It was the cactus bread. I cannot resist it—that warm, gooey, brown sugary goodness drizzled with icing that melts like golden sunshine in your mouth. I may or may not have eaten three slices, with ice cream on the side, and not real ice cream but soft serve, which we all know is really more like plastic than cream.
Plus a 20-ounce glass of sweet green tea. Just to wash down the two plates full of cheesy deep dish pizza I’d consumed prior to the cactus bread.
Yesterday my family went to our local pizza buffet restaurant, not because we’d planned to eat all-we-could-eat on a random Monday evening but because our ten-year-old begged. Our school was hosting a fundraiser; 20 percent of the restaurant proceeds went toward the eighth grade year-end trip to St. Louis. We don’t have kids in eighth grade. But it’s a small school. We’re like family. We love the eighth graders. We love the parents of the eighth graders. Of course we wanted to support them. We did it for the kids, okay, people? For the children!!
And let me just tell you. I suffered for the cause.
After a boatload of pizza, cactus bread, and syrupy sweet tea, I crawled into bed last night with a stomachache of near-puking proportions. I haven’t felt like that in—no exaggeration—years.
If you’ve been hanging with me for any length of time now, then you may know my issues with food. I love food—but it does not love me. I’ve been through test after test and treatment upon treatment for what I can only call miserable gut syndrome. I have a bad digestive system. My body is particularly unable to process sugar. And carbs. And all things pizza / soft serve / cactus bread. I know this. Typically I stick to a restricted diet and take supplements to keep symptoms under control. It’s just my cross to bear.
But sometimes I want to be like other people, you know? Normal people. So I toss my cross on the curb and pretend like I don’t own it. And I do stupid stuff like eat three slices of cactus bread. And pizza crust. And olives and tomatoes and a few other things on my personal list of inflammatory no-no’s.
And the consequences settle deep in my belly. Literally.
Do you ever do that? Do you ever pretend like your issues aren’t really your issues, and you ignore them for a while and do something that only makes them worse? Because you’re so tired of being handcuffed by your limitations, right? And for once you just want to be like all those other people who don’t have to suffer like you do.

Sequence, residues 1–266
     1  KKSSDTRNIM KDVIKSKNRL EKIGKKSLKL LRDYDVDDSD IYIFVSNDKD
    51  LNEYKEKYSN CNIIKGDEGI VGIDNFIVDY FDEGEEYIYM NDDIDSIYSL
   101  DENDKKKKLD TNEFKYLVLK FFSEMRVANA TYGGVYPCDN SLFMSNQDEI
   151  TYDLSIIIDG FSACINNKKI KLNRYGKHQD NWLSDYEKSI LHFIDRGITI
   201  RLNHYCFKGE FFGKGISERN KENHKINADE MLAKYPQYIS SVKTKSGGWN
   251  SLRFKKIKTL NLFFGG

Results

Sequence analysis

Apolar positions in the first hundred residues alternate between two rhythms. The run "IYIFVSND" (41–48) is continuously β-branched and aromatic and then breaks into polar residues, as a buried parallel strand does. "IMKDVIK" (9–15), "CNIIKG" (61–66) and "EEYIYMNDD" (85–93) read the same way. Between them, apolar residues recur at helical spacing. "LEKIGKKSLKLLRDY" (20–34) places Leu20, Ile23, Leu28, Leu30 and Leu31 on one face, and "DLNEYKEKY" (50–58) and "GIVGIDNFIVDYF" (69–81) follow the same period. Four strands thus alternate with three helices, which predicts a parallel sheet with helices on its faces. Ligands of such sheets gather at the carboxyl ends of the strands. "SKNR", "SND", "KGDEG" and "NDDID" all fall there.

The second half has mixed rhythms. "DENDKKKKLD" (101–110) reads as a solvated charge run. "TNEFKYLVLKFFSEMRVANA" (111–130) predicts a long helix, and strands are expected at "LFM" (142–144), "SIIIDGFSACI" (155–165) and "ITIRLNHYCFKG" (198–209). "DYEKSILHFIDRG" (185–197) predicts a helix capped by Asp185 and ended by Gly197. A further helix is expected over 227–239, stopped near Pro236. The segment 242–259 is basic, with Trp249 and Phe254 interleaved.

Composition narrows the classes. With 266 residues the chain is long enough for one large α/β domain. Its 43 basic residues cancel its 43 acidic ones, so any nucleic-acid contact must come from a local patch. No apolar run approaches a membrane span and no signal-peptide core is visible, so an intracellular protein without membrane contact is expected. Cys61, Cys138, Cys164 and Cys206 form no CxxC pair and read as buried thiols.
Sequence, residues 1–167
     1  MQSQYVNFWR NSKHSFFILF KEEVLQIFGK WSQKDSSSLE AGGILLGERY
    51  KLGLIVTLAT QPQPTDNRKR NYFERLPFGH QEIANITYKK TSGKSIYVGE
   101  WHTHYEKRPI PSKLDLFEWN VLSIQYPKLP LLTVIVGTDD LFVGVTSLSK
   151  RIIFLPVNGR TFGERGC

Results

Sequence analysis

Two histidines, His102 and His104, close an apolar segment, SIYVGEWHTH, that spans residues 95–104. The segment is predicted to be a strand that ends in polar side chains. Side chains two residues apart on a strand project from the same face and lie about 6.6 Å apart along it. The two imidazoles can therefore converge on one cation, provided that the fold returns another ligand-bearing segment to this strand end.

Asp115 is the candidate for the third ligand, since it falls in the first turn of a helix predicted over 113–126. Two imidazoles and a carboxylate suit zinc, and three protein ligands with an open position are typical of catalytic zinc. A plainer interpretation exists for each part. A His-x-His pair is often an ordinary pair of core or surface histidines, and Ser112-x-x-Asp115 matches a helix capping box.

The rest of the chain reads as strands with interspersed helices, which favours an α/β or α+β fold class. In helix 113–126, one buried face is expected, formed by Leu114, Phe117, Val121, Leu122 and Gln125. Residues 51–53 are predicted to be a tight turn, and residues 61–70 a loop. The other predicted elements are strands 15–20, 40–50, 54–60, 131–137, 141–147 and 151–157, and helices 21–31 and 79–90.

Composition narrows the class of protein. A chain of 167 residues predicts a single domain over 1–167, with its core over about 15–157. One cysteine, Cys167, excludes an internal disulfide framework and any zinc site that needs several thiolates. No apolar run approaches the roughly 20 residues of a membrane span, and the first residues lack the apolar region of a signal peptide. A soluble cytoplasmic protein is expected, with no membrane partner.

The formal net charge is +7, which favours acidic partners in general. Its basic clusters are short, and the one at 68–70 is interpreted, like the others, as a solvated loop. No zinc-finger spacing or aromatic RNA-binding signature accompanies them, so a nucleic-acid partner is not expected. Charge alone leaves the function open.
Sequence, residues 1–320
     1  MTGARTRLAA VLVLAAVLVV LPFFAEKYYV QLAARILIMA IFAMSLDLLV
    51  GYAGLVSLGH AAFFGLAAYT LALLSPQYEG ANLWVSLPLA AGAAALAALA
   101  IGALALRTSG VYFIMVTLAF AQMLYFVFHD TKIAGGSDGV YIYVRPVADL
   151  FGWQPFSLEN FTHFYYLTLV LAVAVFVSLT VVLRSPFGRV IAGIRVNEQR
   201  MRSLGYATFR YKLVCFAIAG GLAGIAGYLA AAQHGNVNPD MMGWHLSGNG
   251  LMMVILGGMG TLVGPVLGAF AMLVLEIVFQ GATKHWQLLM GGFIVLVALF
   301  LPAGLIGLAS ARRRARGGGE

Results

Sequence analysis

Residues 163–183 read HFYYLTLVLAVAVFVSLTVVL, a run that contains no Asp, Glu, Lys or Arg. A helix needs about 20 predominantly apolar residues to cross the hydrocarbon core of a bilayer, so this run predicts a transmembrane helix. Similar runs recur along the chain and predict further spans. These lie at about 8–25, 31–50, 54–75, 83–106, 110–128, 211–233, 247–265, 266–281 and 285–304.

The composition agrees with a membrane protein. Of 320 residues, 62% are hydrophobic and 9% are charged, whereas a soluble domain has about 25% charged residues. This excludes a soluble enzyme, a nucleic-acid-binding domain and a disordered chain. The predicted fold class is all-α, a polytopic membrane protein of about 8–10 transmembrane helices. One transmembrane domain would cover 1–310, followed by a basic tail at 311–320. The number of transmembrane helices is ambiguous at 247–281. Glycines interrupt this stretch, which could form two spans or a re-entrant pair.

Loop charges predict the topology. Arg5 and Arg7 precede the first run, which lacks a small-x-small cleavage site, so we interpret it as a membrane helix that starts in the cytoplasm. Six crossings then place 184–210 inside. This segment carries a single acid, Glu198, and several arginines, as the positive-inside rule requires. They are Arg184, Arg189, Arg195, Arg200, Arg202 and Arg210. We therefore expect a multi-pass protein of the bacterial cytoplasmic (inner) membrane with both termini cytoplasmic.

Except. We forget. Everybody suffers somehow. Everybody has problems, struggles, quirks and singularities—whether food allergies or addictions or disabilities or fears, whatever. Everybody has something.
And we’re not supposed to ignore our somethings. We’re supposed to own them. Why?
Ah, that’s the twist. We don’t own our troubles so we can hold onto them and wallow in misery. No. We own them so we can give them away.
“Cast your burden upon the LORD and He will sustain you; He will never allow the righteous to be shaken” (Psalm 55:22, NASB).
I know my trouble with food. I know my trouble with fear and anxiety, too. I know my trouble with impatience and snapping and wishing somebody else would dust the living room so I don’t have to. I’ve got lots of issues. And I’ll bet you do, too. That doesn’t make us weird. It makes us all normal.
So let’s do this together. Acknowledge your issues, don’t ignore them. And don’t let them define you, either. Instead, let’s bring them to God and lay them at His feet. Seek His Word for wisdom on how to manage. Which means, please, do not feed your issues three slices of cactus bread (plus ice cream). It only makes them more unbearable.
Let’s treat our troubles kindly.
It’s counterintuitive, I know. But our God often is. Do you realize what happens when we acknowledge our problems and give them to God? The Bible says He rescues us—in a thousand different ways, perhaps, and maybe not as we expect, yet still a rescue is a rescue. And then, best of all, we’ll discover that the rescue is not actually the end of the story.
“Make thankfulness your sacrifice to God, and keep the vows you made to the Most High. Then call on me when you are in trouble, and I will rescue you, and you will give me glory” (Psalm 50:14–15, NLT, emphasis added).
Could it be our problems are not really about us at all? When we embrace them and lift them up to God, He takes them. He saves us from them in some form or fashion. And as a result, we—little faulty humans that we are—give God glory.
How awesome is that?
So next time I want to complain about having to forego a slice of pizza or a piece of cake, maybe I ought to praise God instead. I can choose to thank Him for my tummy issues. Maybe I’ll even dare to see them as a gift.
A sacrifice I make to God.
It’s a beautiful system, really, isn’t it? We want to shed our burdens. And God wants to wear them.
So what’s stopping you?
Hand ‘em over.
And next time my kids beg for the pizza buffet, just saying, I think I’ll stick to the salad bar. That cactus bread is mighty tasty, yes it is. But it’s nowhere near as delicious as glory.